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I am trying to write a Unix Shell Script that when executed it asks the user to enter 4 numbers and the script sort them numerically and print them out.

How can I do that?

Thank you for your help,

Andy

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1  
smells like homework –  glenn jackman Feb 6 '11 at 0:41
    
Is the assignment to write a simple sort routine or can you use the sort utility? What have you tried so far? Although it's a little late to ask that. –  Dennis Williamson Feb 6 '11 at 0:47
    
thank you, yes Dennis i was stuck to this homework and kind of confused but now its fine :-) –  Andy Feb 6 '11 at 11:00

4 Answers 4

Supposing your inputs are in $a, $b, $c, $d you can do this

printf "%s\n%s\n%s\n%s\n" $a $b $c $d | sort
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3  
You can also write printf "%s\n" $a $b $c $d ... -- printf will repeat the format string for excess arguments –  glenn jackman Feb 6 '11 at 0:50
    
@glenn thanks, I didn't know. I was stuck with the printf function syntax in C :) –  Federico Culloca Feb 6 '11 at 10:22
    
thanks so much :-) –  Andy Feb 6 '11 at 11:00

another way

read -p "Enter 1st number: " a
read -p "Enter 2nd number: " b
read -p "Enter 3rd number: " c
read -p "Enter 4th number: " d
printf "%s\n" $a $b $c $d | sort
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thanks so much :-) –  Andy Feb 6 '11 at 10:59

You can use the "sort" utility, which reads from stdin and sorts each line lexicographycally.

As an example, you can check:

echo -e "1\n6\n2\n3" | sort -n

Which outputs:

1
2
3
6

Just output each number on a separate line, and pipe that into sort

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You should have mentioned sort's -n option, since question was about numeric sort. –  Tomasz Elendt Feb 5 '11 at 23:27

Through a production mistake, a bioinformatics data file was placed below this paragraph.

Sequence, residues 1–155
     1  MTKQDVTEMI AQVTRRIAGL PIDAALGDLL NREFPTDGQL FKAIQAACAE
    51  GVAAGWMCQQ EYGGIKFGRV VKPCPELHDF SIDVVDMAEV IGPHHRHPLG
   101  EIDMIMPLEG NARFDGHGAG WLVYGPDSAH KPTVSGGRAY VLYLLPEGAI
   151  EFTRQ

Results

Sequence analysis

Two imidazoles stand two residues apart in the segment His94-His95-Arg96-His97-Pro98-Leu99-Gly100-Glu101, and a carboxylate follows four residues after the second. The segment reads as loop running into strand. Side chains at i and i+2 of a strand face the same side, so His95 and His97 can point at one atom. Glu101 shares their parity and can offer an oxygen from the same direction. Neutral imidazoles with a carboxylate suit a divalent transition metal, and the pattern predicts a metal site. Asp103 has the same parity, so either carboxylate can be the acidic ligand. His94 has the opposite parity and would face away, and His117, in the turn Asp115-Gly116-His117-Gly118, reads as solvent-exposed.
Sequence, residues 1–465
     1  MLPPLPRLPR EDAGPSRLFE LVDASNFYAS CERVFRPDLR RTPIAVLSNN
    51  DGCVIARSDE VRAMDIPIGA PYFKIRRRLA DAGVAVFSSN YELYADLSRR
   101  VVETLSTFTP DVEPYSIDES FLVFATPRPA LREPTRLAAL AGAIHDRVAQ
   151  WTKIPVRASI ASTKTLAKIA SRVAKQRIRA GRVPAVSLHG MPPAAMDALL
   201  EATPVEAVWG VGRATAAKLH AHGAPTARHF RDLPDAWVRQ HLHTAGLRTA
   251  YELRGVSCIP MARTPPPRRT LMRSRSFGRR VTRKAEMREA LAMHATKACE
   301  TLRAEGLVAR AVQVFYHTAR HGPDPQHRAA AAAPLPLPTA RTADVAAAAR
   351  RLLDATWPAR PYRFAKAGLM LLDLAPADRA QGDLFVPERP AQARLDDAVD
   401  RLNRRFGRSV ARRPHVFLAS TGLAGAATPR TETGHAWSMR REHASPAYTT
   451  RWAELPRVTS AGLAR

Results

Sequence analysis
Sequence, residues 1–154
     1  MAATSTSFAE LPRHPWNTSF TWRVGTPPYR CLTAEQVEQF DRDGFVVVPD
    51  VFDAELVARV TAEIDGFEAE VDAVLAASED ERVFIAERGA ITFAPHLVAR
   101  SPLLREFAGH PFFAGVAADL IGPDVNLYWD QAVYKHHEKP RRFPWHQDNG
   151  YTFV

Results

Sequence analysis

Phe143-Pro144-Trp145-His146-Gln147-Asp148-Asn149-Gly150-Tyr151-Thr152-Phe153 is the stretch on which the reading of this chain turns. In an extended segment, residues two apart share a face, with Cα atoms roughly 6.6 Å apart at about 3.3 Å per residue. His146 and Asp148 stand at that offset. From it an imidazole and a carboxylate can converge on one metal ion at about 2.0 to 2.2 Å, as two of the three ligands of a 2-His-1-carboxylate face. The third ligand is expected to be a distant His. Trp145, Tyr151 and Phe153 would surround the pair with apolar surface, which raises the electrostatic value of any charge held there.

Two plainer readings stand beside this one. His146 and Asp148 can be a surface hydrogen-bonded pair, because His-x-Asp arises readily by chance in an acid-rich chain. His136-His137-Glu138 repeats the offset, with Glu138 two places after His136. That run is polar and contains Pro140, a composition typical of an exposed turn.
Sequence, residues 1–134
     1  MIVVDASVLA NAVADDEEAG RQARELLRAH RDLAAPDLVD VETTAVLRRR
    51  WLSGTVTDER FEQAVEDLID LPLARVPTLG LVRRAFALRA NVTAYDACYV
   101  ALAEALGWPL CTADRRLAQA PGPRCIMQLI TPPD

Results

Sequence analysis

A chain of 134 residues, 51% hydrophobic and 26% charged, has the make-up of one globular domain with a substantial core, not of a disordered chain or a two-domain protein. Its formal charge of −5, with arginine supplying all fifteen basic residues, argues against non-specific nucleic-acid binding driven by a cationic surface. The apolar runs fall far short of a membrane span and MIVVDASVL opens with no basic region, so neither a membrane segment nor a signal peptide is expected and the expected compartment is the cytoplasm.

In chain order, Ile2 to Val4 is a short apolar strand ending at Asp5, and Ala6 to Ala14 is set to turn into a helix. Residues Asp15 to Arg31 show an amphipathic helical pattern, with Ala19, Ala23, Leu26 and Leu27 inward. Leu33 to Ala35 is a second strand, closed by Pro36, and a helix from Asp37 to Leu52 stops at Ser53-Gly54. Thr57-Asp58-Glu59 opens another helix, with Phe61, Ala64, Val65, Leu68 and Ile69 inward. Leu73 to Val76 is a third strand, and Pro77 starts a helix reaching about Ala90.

You're right! Forgot about that... –  mfontanini Feb 6 '11 at 1:00
    
thanks so much :-) –  Andy Feb 6 '11 at 10:52

You need to read the values and then echo them to the sort program.

echo -n "Enter 1st number: "
read a junk
echo -n "Enter 2nd number: "
read b junk
echo -n "Enter 3rd number: "
read c junk
echo -n "Enter 4th number: "
read d junk
{ echo $a; echo $b; echo $c; echo $d; } | sort -n

The only problem here is the notation used to suppress newlines after the echo command. There are two notations - and different systems use different notations. The older notation is the echo -n shown. The newer notation is:

echo "Enter Nth number: \c"

Which you need to use depends on your system, then.

The 'junk' variable collects any extra words after the first word on the input line. It's a form of paranoia, but means that if the user types '12 abc', then the single-letter variable gets just the '12' and not the rest. The code does not validate that the user entered a number. You could write a function to do that, and use it 4 times - it might as well take the prompt string and return a number.

Note that if you use bash, the read command is much more powerful and can do the prompting as well, side-stepping tricky issues with echo notation for non-portable (to other than bash) notations in read instead. Except for the echo notation, the code shown is portable to Bourne shell back to 7th Edition (or Version 7) UNIX (where echo was not a shell built-in and it used the -n option) and derivatives (Korn, Bash, POSIX, ...).

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thanks so much :-) –  Andy Feb 6 '11 at 10:51
    
Ok Jonathan, thanks a lot mate. It worked in my system very well :-) –  Andy Feb 6 '11 at 22:10

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